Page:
Barlow has been called the ‘Ralph Nader of Canada’ and the ‘Al Gore of Water,’ but neither of these titles really seem to do her growing international stature and her undeniable charisma much justice. Barlow is a figure in her own right and a dynamo that might leave these American counterparts in the dust at just about any forum of Congressional hearing. The title of this article proposes an alternative moniker – the Grand Dame of Water. Barlow, one of the driving forces behind the recent UN declaration on the human right to water, turned down the opportunity to debate World Water Council President, Loic Fauchon. She says that it’s an “old debate and they know where I stand.” By going to the World Water Forum, she believes she would have legitimized what she denounces as little more than a “trade show” backed by the World Bank. While Barlow felt the WWF-6 to was hollow and empty, the cross-town Alternative Forum had an undeniably vibrant energy. Barlow, a Canadian, opposes the Keystone-XL Pipeline, which if built, could run from her home country through the Ogallala Aquifer in the United States. She is even more opposed to the alternate route, which would “punch a hole through Rockies” and bring bitumen from the tar sands to Canada’s western coast for export to Asia. “There is no pipeline that you can build that isn’t going to leak at some point…the beginning part of the XL Pipeline has already leaked in Michigan,” she said. Barlow believes that pipelines are like arteries to tar sands development, which both feed the development process and require more extraction for infrastructure finance. She believes that the best solution is to “cut the arteries…and starve the beast.”
She is completely opposed to the idea of market mechanisms playing a role in the development and management of water resources. “It’s a dangerous development and I think the move to put a price tag on nature is insane,” she says.
A company or a water service provider may claim to be good stewards of water resources, but how can we know that they are doing what they claim? There is no international standard to verify those claims, although The Alliance for Water Stewardship is working on an international standard (the International Water Stewardship Standard), as discussed in my earlier post. Alexis Morgan, who leads the Alliance for Water Stewardship’s Water Roundtable on behalf of World Wildlife Fund (WWF), has brought together various stakeholders in the formation of the standard. He explains in this interview how businesses can no longer focus only on what happens in water use on a specific site. Their view must extend beyond the site’s borders and include the watershed and whole supply chain. He hopes that this standard will influence supply chains and investments, verify claims by companies and water service providers, and mitigate risks in both within and outside the borders of facilities. Watch the full interview below.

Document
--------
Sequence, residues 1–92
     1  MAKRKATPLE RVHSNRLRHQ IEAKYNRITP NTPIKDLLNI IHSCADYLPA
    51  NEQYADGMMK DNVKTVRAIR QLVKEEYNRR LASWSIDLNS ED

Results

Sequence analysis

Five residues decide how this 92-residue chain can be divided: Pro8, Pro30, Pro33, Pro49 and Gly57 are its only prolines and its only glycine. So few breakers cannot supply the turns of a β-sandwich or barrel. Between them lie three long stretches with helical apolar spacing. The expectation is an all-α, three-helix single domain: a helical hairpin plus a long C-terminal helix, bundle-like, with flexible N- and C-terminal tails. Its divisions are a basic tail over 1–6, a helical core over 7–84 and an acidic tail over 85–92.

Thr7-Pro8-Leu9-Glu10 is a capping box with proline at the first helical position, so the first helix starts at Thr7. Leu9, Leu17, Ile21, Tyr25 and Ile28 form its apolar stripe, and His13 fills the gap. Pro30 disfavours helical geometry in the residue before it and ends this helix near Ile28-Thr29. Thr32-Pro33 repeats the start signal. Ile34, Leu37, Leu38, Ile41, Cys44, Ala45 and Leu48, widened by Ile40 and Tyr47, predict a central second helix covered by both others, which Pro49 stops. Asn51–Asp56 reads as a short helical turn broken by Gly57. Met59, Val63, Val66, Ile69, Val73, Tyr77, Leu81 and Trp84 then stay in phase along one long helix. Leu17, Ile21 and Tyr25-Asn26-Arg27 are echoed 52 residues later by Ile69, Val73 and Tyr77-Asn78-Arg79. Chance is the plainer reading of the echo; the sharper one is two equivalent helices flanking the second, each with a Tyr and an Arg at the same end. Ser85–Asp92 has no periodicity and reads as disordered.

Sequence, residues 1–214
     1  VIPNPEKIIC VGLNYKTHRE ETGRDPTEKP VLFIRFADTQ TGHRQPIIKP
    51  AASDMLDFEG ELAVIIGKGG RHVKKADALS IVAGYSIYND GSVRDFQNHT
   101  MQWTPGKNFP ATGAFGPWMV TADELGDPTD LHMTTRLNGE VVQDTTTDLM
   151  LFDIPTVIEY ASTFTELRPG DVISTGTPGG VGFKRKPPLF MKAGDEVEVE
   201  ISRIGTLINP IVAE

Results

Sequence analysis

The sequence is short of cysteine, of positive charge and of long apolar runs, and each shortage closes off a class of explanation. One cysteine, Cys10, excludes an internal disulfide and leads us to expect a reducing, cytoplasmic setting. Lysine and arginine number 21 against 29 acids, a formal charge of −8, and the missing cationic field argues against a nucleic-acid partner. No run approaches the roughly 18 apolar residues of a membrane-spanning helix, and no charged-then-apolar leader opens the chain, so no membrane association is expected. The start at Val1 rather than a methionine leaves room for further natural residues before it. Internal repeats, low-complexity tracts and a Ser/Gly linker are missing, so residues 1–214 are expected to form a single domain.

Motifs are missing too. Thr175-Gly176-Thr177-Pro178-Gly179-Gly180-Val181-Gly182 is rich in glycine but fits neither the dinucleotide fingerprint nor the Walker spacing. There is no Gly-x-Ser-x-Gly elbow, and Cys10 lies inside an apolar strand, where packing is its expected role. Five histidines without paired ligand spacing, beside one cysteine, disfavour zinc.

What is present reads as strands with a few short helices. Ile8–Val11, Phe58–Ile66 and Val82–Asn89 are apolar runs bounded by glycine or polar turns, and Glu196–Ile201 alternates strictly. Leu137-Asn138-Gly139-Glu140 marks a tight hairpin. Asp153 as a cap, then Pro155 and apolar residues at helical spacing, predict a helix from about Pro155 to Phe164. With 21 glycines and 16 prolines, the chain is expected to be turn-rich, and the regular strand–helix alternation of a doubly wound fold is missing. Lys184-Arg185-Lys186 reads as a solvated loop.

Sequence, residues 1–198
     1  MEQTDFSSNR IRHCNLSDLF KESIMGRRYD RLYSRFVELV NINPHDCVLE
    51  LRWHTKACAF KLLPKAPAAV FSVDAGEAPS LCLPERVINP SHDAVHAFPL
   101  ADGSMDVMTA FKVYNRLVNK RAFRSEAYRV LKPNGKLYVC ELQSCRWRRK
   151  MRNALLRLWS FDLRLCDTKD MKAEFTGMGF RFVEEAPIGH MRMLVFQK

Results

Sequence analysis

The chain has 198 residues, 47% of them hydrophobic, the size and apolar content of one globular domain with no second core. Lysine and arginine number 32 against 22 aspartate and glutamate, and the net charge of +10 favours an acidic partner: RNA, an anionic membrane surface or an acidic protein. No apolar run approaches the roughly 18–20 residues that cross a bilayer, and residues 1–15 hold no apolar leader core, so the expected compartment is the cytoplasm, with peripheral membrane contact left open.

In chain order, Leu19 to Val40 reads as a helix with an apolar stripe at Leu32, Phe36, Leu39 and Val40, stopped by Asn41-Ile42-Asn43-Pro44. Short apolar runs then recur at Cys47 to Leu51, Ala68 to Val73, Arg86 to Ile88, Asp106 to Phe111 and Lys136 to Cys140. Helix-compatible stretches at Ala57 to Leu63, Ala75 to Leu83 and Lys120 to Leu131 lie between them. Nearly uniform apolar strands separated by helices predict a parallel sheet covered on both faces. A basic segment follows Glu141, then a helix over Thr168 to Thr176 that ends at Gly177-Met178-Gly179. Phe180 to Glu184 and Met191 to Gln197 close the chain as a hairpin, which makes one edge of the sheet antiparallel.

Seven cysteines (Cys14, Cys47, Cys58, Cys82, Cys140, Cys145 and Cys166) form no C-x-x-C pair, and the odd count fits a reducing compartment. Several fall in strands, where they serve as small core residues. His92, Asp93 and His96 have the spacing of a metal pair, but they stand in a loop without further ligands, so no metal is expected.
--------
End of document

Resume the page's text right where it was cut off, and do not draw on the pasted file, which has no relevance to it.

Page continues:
Would you rather listen? The audio is available as well:
Each conference comes with its own set of catchphrases and the World Water Forum is no exception. A popular one that’s been buzzing around is “the new industrial revolution” or as it’s colloquially known, “green growth”. Coined in 2008, the definition of green growth differs depending on who’s using it. In general, green growth refers to the idea of furthering economic growth within the limits of the natural ecosystem without detracting from the possibility for future development. But even after having over 22 hours devoted to green growth development, with stakeholders present from across the spectrum, it is the silence on certain issues that could sink this new possible engine of economic growth.